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How does Hamlet prove that he does love Ophelia?I believe that Hamlet does love Ophelia...

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naru49mano | Student, Undergraduate | eNotes Newbie

Posted July 21, 2011 at 9:06 AM via web

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How does Hamlet prove that he does love Ophelia?

I believe that Hamlet does love Ophelia but have trouble proving it with his confession in Act 5. Even though he says that he loves her more that Laeters does, he confesses to Horatio it was done on a bit of an impulse towards Laertes' show of love. Can anyone help me prove otherwise, that Hamlet truly did love Ophelia?

I have a lot of other contraditing opinions that i need help to be resolved:

  1. How is it that neither when he kills Polonius, nor afterwards, does he appear to reflect that he has killed Ophelia's father or what the effect on Ophelia is likely to be?
  2. In what ways are Hamlet's insults to Ophelia at the play-scene necessary either to his purpose of convincing her of his insanity or to his purpose of revenge? And, even if he did regard them as somehow means to these ends, it is conceivable that he would have uttered them, if his feeling fo rher were one of hopeless but unmingled love?

4 Answers | Add Yours

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litteacher8 | Middle School Teacher | (Level 1) Distinguished Educator

Posted July 21, 2011 at 9:25 AM (Answer #2)

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In response to your mixed feelings, remember that Hamlet was going through a turbulent time. I'm not sure he knew himself what he was doing. As far as the play scene, it could be either an attempt to throw everyone off track or playground behavior. This is Shakespeare, after all. Bawdy jokes were his speciality.
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lsumner | High School Teacher | (Level 2) Senior Educator

Posted July 22, 2011 at 1:55 AM (Answer #3)

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I believe Hamlet proves his love for Ophelia at her funeral. In Act 5, Scene 1, Hamlet tells her brother that he loves her more than forty thousand brothers' love for a sister:

I loved Ophelia. Forty thousand brothers
Could not, with all their quantity of love,
Make up my sum.

Although it is too late, Hamlet does cry out that he loves Ophelia. He had so much stress in his life, desiring to avenge his father's death, until he did not prove his love to Ophelia when she was alive.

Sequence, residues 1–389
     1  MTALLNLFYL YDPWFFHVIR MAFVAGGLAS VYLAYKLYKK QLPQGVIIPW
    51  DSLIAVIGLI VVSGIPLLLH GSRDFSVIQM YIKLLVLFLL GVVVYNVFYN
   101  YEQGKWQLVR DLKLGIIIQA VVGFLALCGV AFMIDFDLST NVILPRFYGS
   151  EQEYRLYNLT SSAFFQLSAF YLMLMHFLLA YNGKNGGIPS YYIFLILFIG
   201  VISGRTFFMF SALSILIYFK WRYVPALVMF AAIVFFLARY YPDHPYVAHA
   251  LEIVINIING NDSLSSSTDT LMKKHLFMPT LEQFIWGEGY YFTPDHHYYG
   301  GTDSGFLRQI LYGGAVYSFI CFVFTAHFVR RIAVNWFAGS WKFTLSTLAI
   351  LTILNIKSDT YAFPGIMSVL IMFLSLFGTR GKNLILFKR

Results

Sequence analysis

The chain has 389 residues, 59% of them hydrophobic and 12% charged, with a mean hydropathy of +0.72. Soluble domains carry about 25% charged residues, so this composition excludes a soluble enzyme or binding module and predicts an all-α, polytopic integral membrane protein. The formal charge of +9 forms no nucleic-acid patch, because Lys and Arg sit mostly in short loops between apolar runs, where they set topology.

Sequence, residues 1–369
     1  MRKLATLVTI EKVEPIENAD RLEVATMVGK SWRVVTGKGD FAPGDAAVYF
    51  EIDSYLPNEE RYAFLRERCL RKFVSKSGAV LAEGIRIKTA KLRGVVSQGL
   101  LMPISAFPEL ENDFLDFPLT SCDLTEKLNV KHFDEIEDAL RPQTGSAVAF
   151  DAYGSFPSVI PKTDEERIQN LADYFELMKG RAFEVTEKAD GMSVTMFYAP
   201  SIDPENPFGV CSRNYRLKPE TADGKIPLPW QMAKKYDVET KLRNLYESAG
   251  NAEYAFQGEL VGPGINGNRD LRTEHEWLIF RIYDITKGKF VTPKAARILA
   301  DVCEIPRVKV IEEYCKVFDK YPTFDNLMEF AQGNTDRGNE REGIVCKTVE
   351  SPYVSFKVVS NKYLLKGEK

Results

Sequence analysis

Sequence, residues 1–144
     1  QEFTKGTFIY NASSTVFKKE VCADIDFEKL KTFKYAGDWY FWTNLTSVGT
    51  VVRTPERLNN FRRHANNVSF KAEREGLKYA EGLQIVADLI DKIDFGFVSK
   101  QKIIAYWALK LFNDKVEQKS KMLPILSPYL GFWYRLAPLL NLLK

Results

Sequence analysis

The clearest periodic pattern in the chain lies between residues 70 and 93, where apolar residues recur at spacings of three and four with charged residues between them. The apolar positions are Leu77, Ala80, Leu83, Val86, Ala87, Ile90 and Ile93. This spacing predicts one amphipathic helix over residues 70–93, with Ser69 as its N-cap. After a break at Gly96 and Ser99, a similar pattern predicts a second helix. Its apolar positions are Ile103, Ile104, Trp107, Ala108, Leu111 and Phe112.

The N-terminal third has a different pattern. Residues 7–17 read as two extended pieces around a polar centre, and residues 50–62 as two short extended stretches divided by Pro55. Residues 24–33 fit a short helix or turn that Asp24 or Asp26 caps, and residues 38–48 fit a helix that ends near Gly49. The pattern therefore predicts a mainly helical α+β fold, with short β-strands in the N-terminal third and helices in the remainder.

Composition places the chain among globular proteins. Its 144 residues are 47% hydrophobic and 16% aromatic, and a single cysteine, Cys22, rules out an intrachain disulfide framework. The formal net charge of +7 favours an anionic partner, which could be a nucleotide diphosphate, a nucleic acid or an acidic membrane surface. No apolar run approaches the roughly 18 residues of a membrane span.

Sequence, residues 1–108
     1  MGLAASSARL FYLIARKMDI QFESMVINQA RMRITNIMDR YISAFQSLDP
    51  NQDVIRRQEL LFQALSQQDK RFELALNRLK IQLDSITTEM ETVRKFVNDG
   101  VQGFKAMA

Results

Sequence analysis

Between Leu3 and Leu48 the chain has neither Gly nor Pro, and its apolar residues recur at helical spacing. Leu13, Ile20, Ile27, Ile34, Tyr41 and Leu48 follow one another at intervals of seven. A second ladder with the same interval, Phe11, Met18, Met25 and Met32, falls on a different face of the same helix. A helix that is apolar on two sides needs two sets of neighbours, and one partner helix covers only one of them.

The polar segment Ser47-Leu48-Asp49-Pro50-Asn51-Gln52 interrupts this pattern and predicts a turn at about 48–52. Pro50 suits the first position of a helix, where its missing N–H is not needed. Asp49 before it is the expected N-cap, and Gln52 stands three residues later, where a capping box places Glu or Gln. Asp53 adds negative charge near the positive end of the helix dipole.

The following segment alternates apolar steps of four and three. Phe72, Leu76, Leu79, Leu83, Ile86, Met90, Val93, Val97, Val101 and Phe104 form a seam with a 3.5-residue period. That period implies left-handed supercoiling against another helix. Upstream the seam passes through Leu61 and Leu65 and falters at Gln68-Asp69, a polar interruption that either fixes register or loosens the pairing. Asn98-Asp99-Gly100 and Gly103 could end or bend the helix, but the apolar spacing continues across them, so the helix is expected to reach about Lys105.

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Lori Steinbach | High School Teacher | (Level 3) Distinguished Educator

Posted July 22, 2011 at 5:10 AM (Answer #4)

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Hamlet obviously loved Ophelia, and there are two times when he proves it. Ophelia has keepsakes and letters from Hamlet, which may or may not be an indication of true love; he may, of course, have simply been leading her on for his own purposes. However, as his plan unfolds and Hamlet begins to see that there will be trouble, he tries to save her by sending her away (to a nunnery). Ophelia certainly does not see this as a loving act, but I think it can be seen as an act of love--which eventually backfires, of course, since she feels as if she has lost everything. The second time is at Ophelia's gravesite. He is genuinely grief-stricken when he realizes it is her, and he is almost out of his mind with grief when he confronts Laertes. There is certainly room for debate on this, but it seems clear to me that Hamlet did, indeed, love Ophelia.

Lori Steinbach

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lsumner | High School Teacher | (Level 2) Senior Educator

Posted July 29, 2011 at 2:25 AM (Answer #5)

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Hamlet states his love for Ophelia, something he did not have say. He compares his love to forty thousands brothers' love for a sister. Still, Hamlet claims that he loved Ophelia more than forty thousand brothers could love a sister:

I loved Ophelia. Forty thousand brothers(270)
Could not, with all their quantity of love,
Make up my sum.

Clearly, Hamlet's confession of so great a love is enough to convince even Laertes.

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